At least 80 people were killed in the U.S. states of Florida and North Caroline by Hurricane Ian which made landfall in southwestern Florida as Category 4 last week.
At least 76 people in Florida had died due to Ian, with four other fatalities reported in North Carolina, media outlets said Sunday.
In Florida's Lee County alone, the hurricane contributed to 42 deaths. The county sheriff Carmine Marceno told reporters that the projected death toll is unknown due to the insurmountable damage the county has seen.
"Those numbers could go up," he said. "I don't know. I hope and pray that they don't."
More than 1,600 rescues have been made in Florida since Ian made landfall there on Wednesday afternoon, according to the office of Governor Ron DeSantis.
The storm brought catastrophic storm surges, heavy rains and destructive winds, and dangerous flooding to both Florida's coast and inland areas.
Ian made landfall in South Carolina as Category 1 on Friday afternoon and weakened to a post-tropical cyclone that later dissipated across southern Virginia on Saturday.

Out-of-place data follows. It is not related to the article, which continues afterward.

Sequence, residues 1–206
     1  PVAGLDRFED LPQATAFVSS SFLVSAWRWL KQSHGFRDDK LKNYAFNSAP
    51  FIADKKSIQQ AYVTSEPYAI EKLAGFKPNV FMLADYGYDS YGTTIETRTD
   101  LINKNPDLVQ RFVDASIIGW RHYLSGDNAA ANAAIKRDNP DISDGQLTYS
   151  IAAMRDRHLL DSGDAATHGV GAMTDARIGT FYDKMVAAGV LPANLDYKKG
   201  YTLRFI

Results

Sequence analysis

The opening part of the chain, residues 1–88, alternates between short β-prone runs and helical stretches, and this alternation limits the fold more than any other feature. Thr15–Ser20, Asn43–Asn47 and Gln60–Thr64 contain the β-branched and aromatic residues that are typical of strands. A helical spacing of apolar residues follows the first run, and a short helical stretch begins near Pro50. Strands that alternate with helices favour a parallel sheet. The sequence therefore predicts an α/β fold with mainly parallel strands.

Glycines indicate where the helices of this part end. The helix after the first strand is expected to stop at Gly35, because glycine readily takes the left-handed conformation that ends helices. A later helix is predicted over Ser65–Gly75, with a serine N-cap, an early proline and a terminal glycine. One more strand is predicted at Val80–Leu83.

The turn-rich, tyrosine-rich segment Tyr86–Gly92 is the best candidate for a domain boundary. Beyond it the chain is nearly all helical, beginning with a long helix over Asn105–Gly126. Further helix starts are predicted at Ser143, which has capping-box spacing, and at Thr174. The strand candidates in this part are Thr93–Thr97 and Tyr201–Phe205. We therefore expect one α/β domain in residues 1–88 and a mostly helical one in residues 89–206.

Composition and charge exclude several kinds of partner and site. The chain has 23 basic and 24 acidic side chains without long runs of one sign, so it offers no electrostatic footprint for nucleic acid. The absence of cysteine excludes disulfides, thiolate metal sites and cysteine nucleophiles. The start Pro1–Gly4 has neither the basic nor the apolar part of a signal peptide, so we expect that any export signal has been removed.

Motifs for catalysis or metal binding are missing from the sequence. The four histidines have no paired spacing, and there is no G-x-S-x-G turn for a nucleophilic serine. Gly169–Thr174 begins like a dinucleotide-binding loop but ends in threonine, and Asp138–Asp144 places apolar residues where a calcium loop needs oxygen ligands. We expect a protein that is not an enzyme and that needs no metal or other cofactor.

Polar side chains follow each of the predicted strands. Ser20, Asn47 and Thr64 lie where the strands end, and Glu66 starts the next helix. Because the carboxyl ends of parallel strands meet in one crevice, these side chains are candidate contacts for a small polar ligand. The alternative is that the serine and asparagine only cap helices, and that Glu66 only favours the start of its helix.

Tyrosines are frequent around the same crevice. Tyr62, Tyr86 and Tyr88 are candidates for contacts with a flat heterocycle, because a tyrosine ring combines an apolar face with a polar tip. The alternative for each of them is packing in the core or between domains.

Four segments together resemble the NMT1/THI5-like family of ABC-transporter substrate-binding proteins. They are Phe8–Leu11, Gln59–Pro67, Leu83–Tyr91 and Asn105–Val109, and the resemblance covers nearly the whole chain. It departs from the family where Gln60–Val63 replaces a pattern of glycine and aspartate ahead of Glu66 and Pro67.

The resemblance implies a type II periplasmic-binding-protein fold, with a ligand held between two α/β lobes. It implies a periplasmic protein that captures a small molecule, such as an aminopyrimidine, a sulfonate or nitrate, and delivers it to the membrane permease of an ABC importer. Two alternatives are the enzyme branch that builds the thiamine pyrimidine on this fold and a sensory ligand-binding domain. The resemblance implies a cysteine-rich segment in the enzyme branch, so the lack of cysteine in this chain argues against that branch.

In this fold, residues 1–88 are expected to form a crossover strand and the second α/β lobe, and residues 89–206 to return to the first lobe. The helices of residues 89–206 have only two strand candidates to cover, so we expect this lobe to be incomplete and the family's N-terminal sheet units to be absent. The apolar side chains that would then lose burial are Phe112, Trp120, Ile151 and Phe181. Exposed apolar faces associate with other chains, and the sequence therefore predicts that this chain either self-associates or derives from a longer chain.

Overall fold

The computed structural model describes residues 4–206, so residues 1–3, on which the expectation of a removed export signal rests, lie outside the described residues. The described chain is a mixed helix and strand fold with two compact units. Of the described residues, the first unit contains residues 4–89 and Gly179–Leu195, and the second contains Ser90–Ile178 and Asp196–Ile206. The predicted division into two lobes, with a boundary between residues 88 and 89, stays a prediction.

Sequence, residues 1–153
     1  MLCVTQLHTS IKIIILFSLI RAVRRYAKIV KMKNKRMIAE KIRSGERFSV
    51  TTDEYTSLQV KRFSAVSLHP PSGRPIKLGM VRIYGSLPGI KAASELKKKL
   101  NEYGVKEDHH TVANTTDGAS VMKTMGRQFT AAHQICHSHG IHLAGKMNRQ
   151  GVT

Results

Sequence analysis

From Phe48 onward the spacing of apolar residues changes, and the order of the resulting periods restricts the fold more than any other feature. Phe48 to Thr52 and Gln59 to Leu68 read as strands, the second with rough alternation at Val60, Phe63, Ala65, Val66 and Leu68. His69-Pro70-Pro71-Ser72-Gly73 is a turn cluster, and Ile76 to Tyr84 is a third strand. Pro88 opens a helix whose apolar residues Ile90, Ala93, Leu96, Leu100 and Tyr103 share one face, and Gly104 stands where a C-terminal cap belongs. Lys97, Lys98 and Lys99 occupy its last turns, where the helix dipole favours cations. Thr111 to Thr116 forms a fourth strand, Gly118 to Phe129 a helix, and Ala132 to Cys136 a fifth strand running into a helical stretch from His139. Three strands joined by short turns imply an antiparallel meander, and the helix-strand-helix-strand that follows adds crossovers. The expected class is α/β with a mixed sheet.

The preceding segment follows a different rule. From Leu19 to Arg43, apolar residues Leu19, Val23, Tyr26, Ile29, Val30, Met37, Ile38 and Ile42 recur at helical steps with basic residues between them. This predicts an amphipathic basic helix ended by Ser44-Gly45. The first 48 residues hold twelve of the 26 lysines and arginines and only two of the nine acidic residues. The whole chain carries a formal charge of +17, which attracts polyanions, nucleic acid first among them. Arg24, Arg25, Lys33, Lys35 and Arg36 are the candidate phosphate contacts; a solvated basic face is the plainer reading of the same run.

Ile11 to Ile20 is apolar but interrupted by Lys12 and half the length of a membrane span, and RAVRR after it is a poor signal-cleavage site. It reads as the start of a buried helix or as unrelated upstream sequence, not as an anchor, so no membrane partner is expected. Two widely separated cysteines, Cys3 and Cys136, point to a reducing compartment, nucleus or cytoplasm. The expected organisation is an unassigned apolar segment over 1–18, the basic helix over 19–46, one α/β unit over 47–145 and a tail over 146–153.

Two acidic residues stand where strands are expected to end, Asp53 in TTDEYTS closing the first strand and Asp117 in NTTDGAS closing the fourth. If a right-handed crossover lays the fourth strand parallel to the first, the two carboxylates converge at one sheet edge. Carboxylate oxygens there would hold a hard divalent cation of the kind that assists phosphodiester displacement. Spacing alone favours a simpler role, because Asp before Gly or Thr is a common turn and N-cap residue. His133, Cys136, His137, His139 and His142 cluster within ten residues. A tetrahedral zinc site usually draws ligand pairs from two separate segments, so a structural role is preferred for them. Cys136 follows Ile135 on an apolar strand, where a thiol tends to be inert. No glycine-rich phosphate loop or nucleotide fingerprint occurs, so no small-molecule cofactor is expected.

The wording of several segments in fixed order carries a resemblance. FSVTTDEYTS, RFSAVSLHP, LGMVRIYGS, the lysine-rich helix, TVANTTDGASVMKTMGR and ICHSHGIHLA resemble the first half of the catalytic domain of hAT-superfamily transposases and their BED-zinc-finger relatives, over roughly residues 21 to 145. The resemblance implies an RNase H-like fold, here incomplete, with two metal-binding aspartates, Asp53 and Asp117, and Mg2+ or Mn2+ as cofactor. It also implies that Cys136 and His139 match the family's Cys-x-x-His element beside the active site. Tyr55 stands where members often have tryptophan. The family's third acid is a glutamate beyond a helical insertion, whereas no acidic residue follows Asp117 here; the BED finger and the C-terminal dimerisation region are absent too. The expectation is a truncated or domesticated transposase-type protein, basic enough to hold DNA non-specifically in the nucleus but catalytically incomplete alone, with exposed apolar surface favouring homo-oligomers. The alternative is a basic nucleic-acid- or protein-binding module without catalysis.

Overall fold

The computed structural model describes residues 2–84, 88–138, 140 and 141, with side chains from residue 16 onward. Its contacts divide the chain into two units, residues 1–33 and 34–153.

U.S. President Joe Biden is scheduled to travel to Puerto Rico Monday to survey damage from Hurricane Fiona, which brought heavy rains, catastrophic damage and an island-wide blackout to the U.S. territory last month, before heading to Florida on Wednesday.
Biden said Friday that Hurricane Ian "is likely to rank among the worst in the nation's history."
Estimated losses from Ian's wind and storm surges are between 28 billion and 47 billion U.S. dollars, according to CoreLogic, a U.S. research firm that estimates losses from natural disasters.